Hangman's fracture: Management strategy and healing rate in a prospective multi-centre observational study of 34 patients

  • Prost Solène
  • Barrey Cédric
  • Blondel Benjamin
  • Fuentes Stephane
  • Barresi Laurent
  • Nicot Benjamin
  • Challier Vincent
  • Lleu Maxime
  • Godard Joël
  • Kouyoumdjian Pascal
  • Lonjon Nicolas
  • Marinho Paulo
  • Freitas Eurico
  • Schuller Sébastien
  • Allia Jérémy
  • Berthiller Julien
  • Charles Yann Philippe

  • Cervical spine
  • Hangman's fracture
  • Surgery
  • Fracture union
  • Bone healing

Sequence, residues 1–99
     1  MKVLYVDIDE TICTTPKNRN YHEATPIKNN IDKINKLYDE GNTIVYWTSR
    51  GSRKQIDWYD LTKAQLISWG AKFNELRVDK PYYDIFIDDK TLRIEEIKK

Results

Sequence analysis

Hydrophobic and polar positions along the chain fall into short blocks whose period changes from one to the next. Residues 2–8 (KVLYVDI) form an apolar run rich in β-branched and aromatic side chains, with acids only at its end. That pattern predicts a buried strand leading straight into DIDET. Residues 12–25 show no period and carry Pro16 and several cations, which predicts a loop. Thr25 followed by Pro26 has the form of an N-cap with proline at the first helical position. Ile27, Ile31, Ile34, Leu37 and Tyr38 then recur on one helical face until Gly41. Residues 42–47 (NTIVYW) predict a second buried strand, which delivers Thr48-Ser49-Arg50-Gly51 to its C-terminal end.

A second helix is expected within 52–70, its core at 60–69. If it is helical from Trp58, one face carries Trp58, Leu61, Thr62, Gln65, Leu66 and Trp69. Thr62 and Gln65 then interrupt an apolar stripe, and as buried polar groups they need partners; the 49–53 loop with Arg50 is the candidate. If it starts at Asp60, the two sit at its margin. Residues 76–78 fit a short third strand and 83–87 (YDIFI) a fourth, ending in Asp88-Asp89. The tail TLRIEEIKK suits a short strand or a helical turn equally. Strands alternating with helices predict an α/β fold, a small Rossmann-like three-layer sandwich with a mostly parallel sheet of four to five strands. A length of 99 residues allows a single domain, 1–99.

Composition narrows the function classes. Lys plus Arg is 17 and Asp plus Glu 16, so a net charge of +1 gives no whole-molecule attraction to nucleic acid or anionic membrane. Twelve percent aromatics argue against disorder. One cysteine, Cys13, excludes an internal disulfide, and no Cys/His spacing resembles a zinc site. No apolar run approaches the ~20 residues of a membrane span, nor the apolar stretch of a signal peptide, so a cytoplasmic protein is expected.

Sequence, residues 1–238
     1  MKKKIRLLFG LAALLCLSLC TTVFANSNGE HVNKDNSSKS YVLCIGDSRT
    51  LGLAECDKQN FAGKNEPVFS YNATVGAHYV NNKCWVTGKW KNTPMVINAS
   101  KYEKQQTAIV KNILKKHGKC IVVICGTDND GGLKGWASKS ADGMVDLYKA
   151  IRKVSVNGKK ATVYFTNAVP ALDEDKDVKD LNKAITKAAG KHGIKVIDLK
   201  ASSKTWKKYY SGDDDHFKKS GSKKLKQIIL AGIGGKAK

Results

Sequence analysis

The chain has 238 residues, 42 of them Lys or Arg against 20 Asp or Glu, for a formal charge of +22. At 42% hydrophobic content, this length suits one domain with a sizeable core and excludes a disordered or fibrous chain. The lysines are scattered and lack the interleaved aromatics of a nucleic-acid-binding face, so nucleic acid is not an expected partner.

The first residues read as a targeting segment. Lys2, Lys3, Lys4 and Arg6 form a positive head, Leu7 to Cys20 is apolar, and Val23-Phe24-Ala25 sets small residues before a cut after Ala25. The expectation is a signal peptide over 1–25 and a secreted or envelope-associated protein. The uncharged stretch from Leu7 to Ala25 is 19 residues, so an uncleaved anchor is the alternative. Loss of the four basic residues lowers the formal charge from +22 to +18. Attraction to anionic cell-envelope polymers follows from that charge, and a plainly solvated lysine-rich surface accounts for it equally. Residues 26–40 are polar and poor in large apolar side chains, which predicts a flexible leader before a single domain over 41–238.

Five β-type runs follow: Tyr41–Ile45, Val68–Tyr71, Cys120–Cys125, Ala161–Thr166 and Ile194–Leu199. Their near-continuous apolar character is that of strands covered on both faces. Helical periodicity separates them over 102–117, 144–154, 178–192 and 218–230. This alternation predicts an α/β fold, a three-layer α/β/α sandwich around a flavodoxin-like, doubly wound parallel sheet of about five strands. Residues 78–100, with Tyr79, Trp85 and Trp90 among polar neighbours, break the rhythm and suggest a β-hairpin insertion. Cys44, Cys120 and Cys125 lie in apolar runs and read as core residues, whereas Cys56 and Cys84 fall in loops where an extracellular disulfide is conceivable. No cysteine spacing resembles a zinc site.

Background: Hangman's fractures account for 15% to 20% of all cervical spine fractures. The grading system developed by Effendi and modified by Levine and Edwards is generally used as the basis for management decisions. Nonetheless, the optimal management remains controversial. The objective of this study was to describe the treatments used in France in patients with hangman's fractures. The complications and healing rates were analysed according to the fracture type and treatment used. Hypothesis: Among patients with hangman's fracture, those with disc damage must be treated surgically. Material and methods: A prospective, multi-centre, observational study was conducted under the aegis of the French Society for Spine Surgery (Société Française de Chirurgie Rachidienne, SFCR). Patients were included if they had computed tomography (CT) evidence of hangman's fracture. Follow-up data were collected prospectively. Fracture healing was assessed on CT scans obtained 3 and 12 months after the injury. The type of treatment and complications were recorded routinely. Results: We included 34 patients. The fracture type according to Effendi modified by Levine and Edwards was I in 68% of patients, II in 29% of patients, and III in a single patient (3%). The treatment was non-operative in 21 (62%) patients and surgical in 11 (32%). All 28 patients re-evaluated after 1 year had evidence of fracture healing. The remaining 6 patients were lost to follow-up. Conclusion: Hangman's fracture is associated with low rates of mortality and neurological complications. Non-operative treatment is appropriate in Type I hangman's fracture, with a 100% healing rate in our study. Types II and III are characterised by damage to the ligaments and discs requiring either anterior C2-C3 fusion or posterior C1-C3 screw fixation.